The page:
The German Banking System Essay Research Paper

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The German Banking System Essay, Research Paper The German banking system has a special feature which distinguishes it from most other industrialized countries. Modern Germany is home of Allfinz, the system of universal banking which allows all kinds of financial services to exist under one roof, from retail banking to mortgages, from mergers and acquisitions to investment banking. This contrasts with the US banking system which separates retail from investment banking and grants licenses for only one activity or the other (though this has been changing in recent years). The evolution of the German universal banking system was largely due to Germany’s inadequate capital formation facilities and lack of required securities trading set-up at the time of its industrialization.

The impact of the system on Germany can be largely debated.Some believe that a universal bank is far better equipped to meet the challenges of global banking in the 90’s. The advantages that universal banking has brought upon the banking industry are the stability created by its diversification efforts and the resulting higher level of deposit security. It is generally less vulnerable to market changes because it is usually either the retail or investment banking sector alone which suffers a downturn at one time, and rarely simultaneously. Divisional cross subsidizing also allows banks to offer services more cost effectively, which is particularly beneficial to small and mid-sized customers. In addition, corporations are able to seek full-service activities from a single

source, the notion of one-stop shopping. As universal banks have a wide range of services available, they are also able to provide customers the best products needed for their problems as opposed to the best products within a limit of say commercial banking activities alone. Critics of the universal banking system point largely at the possible conflicts of interest which may arise, particularly as German banks are allowed to hold securities of other corporations. Banks retain strong influence over industries due to their shareholdings, board mandates, and proxy voting. How strong of an influence can be seen by observing the composition of corporate supervisory boards. For example, the head of Deutsche Bank chairs the board of Daimler-Benz AG (now Daimler Chrysler). According to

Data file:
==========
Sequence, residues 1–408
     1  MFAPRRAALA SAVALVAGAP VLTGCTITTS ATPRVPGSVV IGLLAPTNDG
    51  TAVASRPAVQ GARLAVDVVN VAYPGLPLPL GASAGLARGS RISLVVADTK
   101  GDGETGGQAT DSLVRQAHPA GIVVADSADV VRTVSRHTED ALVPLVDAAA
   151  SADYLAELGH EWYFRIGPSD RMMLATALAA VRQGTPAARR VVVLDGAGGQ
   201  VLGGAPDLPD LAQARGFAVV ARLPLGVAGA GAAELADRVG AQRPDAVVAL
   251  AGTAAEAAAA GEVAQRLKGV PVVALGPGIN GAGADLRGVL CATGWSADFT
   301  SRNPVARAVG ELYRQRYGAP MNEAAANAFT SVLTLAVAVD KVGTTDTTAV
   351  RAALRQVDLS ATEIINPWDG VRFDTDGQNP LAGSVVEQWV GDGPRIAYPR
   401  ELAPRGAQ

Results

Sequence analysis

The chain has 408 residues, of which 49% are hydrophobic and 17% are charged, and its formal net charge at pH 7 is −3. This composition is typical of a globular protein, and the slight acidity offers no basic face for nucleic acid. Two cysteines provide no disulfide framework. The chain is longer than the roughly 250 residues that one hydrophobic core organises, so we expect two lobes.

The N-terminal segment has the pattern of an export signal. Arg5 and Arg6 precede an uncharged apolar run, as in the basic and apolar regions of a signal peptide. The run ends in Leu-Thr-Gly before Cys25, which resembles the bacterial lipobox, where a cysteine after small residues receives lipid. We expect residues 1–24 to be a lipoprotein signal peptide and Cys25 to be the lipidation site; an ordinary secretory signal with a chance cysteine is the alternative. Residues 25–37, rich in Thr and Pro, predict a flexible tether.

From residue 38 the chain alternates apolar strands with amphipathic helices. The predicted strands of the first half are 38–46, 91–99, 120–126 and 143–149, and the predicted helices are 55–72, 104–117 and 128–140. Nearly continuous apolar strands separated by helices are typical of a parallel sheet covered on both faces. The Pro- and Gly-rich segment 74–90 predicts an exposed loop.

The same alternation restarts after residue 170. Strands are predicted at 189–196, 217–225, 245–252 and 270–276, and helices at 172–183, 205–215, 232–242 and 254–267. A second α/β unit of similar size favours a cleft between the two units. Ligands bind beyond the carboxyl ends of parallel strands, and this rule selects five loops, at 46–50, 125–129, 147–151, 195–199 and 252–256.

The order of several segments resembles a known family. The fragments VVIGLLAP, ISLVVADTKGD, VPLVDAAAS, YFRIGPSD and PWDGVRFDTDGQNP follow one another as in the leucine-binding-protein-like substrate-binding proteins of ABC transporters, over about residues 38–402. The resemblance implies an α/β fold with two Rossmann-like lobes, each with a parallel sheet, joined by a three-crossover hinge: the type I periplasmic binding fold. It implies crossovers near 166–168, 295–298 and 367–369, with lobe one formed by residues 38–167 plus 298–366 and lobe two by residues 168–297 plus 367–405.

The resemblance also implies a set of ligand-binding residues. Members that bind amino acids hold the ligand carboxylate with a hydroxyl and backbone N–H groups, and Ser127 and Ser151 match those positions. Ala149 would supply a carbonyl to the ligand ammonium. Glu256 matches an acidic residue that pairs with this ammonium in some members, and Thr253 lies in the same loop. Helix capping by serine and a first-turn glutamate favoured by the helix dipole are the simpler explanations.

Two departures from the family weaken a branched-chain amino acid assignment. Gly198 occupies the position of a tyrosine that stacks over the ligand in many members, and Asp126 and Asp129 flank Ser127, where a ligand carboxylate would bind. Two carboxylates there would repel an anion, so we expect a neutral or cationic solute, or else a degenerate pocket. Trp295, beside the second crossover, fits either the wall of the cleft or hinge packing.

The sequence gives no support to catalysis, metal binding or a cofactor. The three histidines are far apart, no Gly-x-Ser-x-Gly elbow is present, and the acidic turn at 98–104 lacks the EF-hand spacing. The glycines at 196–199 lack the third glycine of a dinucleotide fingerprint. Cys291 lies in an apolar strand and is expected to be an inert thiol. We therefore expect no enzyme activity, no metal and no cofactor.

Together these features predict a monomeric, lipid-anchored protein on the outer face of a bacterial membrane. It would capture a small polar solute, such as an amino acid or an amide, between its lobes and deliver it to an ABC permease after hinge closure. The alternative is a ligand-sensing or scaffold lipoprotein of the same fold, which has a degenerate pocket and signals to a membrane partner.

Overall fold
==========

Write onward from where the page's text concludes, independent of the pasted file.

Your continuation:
Dieter Kauffmann, president of a lobby group for small shareholders, “German industry is owned by German industry, or, more precisely, by German banks. Because the banks control significant, often veto-yielding minorities in virtually all big industrial groups, it is impossible [for independent shareholders] to place an effective check on management.” (Wadhwa, pgs. 33,34) STRUCTURE OF THE BANKING INDUSTRY The business of banking in Germany is defined in the Banking Act of 1961 which defines a credit institution engaged in banking as any enterprise engaged in the following activities: 1) accepting deposits; 2) making loans; 3) discounting bills; 4) providing securities brokerage services; 5) providing trust services; 6) operating investment funds; 7) factoring; 8) providing

financial guarantees; 9) providing funds transfer (giro) services. (Kaufman, pg. 556) There are also general rules for every bank in Germany. There are four main parts which consist of the Central Bank Law (rules about minimum reserve), the Banking Business Law (basics of capital resources and liquidity), the Stock Exchange Law (price fixing and future business), and Deposit Law. In addition, there are also laws pertaining to certain bank groups. They include the Savings Bank Laws of the federal states, Mortgage Banks Law, Security Law, Shipbank Law, Building Society Law, Law of Investment Companies, and Law of banking foundations with special tasks. (http://iaix7/informatik/htw-dresden.de/htw7953/hp98/gbs.htm)There are over 3,500 legally independent banking institutions in